Ford and GM Announcement on Tesla NACS
Now we get to see how everything shakes out. With Ford and GM announcing support for Tesla charging connector standard, will that be enough for Tesla to “corner the market”? By contrast it is somewhat similar to Dell and Lenovo suddenly announcing they will focus on Apple IoS systems. In any case federal subsidies are in play and the Biden administration favors the CCS open standard. They did modify their Tesla support conditions that as long as CCS connectors provided, then Tesla charging stations will be eligible for federal funding. Shades of Betamax and VHS all over.
CharIN Response: From June 12 (Reuters) – CharIN, the industry body promoting the Combined Charging System (CCS) standard to power electric vehicles, said on Monday Tesla’s (TSLA.O) charging model is not a standard yet and does not provide an open charging ecosystem for the industry.
From TechCrunch – CharIN said Monday during the 36th Electric Vehicle and Symposium in Sacramento that while it “stands behind” CCS it also supports the “standardization” of NACS. CharIN isn’t giving an unabashed endorsement. It is, however, acknowledging that some of its members in North America are interested in adopting Tesla’s charging tech and said it will create a task force with the goal of submitting NACS to the standardization process.
For any technology to become a standard it must go through a due process in a standards development organization such as ISO, IEC, IEEE, SAE and ANSI, the organization noted in a press release.
The comments are a reversal from last week when CharIN said diverging from the CCS standard would hamper the global EV industry’s ability to thrive. It also cautioned, at the time, that the use of adapters, which GM and Ford will sell to give current EV owners access to the Tesla Supercharging network, could lead to poor handling and increased damage of charging equipment and potential safety issues.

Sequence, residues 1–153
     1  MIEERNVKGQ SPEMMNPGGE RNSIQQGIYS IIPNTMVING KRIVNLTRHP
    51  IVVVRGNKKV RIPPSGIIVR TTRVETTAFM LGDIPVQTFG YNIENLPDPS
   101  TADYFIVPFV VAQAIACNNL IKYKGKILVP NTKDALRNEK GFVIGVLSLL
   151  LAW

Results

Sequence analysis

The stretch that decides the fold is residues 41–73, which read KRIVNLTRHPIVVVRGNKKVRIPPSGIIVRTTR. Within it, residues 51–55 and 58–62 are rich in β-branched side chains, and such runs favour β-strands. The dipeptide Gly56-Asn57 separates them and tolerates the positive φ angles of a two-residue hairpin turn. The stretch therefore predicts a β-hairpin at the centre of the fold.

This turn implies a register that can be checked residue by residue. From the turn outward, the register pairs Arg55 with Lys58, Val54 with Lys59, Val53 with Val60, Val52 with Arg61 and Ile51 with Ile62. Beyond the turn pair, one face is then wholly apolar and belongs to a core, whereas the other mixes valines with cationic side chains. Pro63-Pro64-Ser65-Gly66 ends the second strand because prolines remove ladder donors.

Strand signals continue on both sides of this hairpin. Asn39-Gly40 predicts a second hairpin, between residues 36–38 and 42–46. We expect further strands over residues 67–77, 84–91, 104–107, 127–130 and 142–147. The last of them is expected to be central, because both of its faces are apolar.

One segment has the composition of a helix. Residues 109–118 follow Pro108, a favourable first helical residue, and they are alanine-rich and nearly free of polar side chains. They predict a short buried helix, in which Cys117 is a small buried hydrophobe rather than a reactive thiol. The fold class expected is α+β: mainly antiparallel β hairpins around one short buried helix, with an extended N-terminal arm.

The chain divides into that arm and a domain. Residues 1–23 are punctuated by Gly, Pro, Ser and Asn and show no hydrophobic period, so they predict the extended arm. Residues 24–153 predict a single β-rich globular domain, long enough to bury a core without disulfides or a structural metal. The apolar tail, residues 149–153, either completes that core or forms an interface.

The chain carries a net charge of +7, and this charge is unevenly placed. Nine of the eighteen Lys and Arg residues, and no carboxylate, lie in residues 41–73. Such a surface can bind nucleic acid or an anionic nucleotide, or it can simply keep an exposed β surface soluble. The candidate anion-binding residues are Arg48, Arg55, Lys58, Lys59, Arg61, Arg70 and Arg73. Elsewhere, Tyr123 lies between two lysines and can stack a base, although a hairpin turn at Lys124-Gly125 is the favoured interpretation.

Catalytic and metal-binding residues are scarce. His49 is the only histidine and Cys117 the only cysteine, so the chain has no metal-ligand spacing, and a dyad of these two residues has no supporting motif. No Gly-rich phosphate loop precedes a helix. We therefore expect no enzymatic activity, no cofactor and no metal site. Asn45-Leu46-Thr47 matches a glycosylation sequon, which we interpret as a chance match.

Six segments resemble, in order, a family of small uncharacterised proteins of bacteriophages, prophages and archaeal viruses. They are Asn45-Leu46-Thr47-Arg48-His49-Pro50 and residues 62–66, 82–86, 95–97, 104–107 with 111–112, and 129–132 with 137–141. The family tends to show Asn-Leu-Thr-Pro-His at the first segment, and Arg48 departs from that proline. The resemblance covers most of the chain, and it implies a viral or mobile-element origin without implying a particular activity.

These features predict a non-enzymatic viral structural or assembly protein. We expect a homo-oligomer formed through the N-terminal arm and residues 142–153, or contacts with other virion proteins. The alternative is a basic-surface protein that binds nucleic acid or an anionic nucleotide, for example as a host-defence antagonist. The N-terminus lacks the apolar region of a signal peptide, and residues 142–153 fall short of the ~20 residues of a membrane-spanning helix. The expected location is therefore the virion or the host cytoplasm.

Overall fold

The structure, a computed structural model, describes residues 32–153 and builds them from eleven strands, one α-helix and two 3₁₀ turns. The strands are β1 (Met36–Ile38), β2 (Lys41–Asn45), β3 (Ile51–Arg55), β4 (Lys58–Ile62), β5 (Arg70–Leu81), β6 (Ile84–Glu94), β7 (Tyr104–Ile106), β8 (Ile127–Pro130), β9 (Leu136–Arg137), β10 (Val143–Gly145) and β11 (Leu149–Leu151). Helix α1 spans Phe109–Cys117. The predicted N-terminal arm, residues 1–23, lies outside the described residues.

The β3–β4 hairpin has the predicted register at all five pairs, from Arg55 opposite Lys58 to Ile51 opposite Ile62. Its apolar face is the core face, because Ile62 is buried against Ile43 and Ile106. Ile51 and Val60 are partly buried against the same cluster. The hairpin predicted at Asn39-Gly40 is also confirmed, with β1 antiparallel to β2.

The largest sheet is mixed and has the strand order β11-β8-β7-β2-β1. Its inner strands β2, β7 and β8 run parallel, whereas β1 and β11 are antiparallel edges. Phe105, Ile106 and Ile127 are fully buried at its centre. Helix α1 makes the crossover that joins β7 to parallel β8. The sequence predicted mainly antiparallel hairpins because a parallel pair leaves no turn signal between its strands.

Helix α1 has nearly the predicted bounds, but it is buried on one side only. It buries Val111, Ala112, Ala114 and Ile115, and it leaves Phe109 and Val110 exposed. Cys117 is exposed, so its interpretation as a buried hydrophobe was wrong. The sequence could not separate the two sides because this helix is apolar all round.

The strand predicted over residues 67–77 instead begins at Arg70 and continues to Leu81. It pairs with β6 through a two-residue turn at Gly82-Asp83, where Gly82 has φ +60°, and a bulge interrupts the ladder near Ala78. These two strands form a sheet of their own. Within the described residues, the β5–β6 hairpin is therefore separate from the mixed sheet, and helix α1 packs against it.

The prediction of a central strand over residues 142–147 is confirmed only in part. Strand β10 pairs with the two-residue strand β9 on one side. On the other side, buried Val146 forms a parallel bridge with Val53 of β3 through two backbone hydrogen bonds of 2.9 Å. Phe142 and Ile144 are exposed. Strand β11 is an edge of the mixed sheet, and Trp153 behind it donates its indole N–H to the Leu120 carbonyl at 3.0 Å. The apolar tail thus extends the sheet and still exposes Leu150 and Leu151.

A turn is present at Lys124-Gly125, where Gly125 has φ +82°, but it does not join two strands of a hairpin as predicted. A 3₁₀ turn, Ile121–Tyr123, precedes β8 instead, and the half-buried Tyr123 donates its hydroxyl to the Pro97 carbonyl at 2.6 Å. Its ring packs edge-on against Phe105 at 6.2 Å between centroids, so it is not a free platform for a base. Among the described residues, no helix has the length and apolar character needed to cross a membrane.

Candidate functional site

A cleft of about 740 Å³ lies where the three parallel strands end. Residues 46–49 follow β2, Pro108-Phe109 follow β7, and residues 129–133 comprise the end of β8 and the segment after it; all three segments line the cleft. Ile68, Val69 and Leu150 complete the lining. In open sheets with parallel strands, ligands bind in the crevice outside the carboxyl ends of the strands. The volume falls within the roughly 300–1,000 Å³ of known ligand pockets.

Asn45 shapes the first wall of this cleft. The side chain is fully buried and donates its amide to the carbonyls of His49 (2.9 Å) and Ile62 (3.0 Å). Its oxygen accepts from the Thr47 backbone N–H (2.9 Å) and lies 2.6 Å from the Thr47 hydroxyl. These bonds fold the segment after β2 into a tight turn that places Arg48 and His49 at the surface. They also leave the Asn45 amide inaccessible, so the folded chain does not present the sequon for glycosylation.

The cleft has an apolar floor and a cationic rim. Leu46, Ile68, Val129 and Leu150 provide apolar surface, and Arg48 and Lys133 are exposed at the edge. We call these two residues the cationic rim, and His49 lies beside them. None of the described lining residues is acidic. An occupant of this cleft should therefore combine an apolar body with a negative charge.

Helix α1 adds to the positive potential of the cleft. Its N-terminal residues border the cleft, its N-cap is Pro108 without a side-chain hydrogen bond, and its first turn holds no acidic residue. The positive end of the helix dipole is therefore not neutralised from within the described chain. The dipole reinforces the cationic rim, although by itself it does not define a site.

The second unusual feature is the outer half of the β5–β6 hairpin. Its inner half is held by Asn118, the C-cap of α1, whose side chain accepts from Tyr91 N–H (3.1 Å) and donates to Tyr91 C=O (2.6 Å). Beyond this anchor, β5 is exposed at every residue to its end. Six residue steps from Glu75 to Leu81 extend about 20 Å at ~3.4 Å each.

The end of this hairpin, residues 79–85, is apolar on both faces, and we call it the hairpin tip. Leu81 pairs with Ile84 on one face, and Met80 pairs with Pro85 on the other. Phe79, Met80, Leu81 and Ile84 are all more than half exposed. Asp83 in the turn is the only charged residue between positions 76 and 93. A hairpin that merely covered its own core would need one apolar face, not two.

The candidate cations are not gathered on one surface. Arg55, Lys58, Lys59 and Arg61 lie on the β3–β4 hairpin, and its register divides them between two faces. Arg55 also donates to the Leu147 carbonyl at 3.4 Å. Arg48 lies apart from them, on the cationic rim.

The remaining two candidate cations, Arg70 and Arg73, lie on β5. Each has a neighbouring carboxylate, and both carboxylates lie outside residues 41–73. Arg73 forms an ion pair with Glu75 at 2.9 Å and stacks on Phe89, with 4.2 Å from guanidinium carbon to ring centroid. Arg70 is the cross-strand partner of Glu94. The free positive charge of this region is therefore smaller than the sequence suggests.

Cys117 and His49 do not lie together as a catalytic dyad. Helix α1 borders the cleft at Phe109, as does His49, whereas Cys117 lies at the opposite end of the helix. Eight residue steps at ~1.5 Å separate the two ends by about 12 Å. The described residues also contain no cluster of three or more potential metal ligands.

Road And Track Makes Some Good Points
Tesla designs its charging stations as a single integrated system with its cars, whereas EV charging networks like Electrify America or EVgo buy their stations from third-party makers. In the early days, no one company could supply high volumes of stations, so Electrify America had to use stations from four separate vendors: ABB, BTC Power, Efacec, or Signet. (EA is now in the process of designing its own stations and slimming down its roster of suppliers; Efacec is already gone, due to unreliability and difficult of servicing.)
Tesla knows its cars, their owners, and the credit card the owner provided, so billing happens on the back end. But a charging network open to all EVs may have no idea who or what just plugged in. The network has to ensure the user has a valid method of payment, whether it’s free hours provided by the carmaker to EV buyers or the more customary driver’s credit card.
Which Cars Support EV and How Much Are They (at least in California)?
Nice being able to afford a Tesla but do your neighbors drive a Tesla or do they drive a Honda or Toyota? We liked this breakdown the other day.